ByAnthony DiChiara, writer at
I'm the Creator of The Gray Guardian, author of The Human Factor, The Grinning Man , and the children's book, If I Had Super Powers
Anthony DiChiara

Everyone knows that Stan "The Man" Lee is the creator of just about the whole Marvel Universe along with artists Jack Kirby, Steve Ditko. However, there is a writer/artist that wrote the early adventures of Thor, Iron Man and Ant-Man, including their origins, and came up with their alter ego names (Don Blake, Tony Stark and Hank Pym). That almost forgotten writer/artist is, of course, Larry Lieber.

Lieber, 83, is the younger brother of Stanley Lieber, better known to fanboys around the world as Stan Lee, 92. Lieber began working for Marvel in the early 1950's (then known as Atlas Comics, and before that Timely), doing paste-up work in the magazine department. Going to art school at night, Lieber wanted to be an artist, and was soon drawing fill-in stories for All-True Crime and other Atlas publications.

Despite being Stan's brother, Lieber found getting work as an artist difficult. As Lieber admitted in past interviews, he "was slow", and was given short back-up stories in such books as Journey Into Unknown Worlds, and the various Romance Comics that Atlas was publishing at the time, because of it.

It wasn't until a financial downturn at the company in the mid 1950's, and the laying off of just about everyone, that forced then editor Lee to ask his brother to help him write stories.

"I was not a writer", Lieber said, recounting those days. He wanted to be an artist, but times were tough, and he wasn't going to turn down any work. "Stan gave me the books he didn't want to work on, or didn't have time to write himself. He was churning out the plots", Lieber recalled, "and I would then write the stories and dialogue".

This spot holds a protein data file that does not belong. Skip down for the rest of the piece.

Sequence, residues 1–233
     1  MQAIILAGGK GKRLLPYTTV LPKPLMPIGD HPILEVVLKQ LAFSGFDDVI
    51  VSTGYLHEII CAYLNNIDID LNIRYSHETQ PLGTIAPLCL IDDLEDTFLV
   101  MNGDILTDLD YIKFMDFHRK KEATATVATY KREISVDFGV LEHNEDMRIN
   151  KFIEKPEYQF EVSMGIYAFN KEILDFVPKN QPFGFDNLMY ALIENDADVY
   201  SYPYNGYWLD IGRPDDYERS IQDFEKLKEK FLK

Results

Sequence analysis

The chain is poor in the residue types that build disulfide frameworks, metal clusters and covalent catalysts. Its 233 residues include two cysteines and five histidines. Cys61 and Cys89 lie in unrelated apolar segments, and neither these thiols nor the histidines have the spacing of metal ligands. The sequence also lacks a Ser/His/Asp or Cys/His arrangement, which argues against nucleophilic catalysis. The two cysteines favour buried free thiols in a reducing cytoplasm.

By the 1960's Marvel was created and was breaking-out in the industry. Their first big superhero hit, The Fantastic Four, ushered in the Marvel Age of Comics, and laid the groundwork for what would become the Marvel Universe.

Lee was coming up with superheroes left and right, putting them in their own titles and revamping existing sic-fi and monster titles with superheroes, using them as testing grounds to see which heroes would catch on and which were just b-list players.

It was in those testing ground titles like, Tales to Astonish, Journey Into Mystery and Tales of Suspense, that Lee handed over to Lieber the plots for introducing Thor, Iron Man and Ant-Man. It was Lieber who created the name for Thor's magic hammer (Uru), along with characters such as Odin, Loki and Baldar. He also introduced Bi-Frost, the rainbow bridge that connected Asgard to Midgard (Earth).

Lieber also developed a lot of Ant-Man's cannon, including coming up with Ant-Man's alter ego name, Hank Pym, and his partner, the beautiful Janet Van Dyne, A.K.A. The Wasp.

Eventually Lieber got his wish, returning to his first love, art, when Lee made him penciler (and writer) of the Western series, Rawhide Kid. Lieber worked on the series from 1964 through 1973. After his run on Rawhide Kid, Lieber was assigned Editor duties for Marvel U.K., and wrote stories for Marvel's British character, Captain Britian.

In 1978, Lieber was given penciling chores on The Incredible Hulk Sunday comic strip, and for a time was also drawing the Amazing Spider-Man comic strip as well as writing both from time to time. In fact, Lieber continued to draw the Amazing Spider-Man newspaper strip up till 2014.

You can still see Lieber, from time to time at Comic Con and other Fanboy events around the country.


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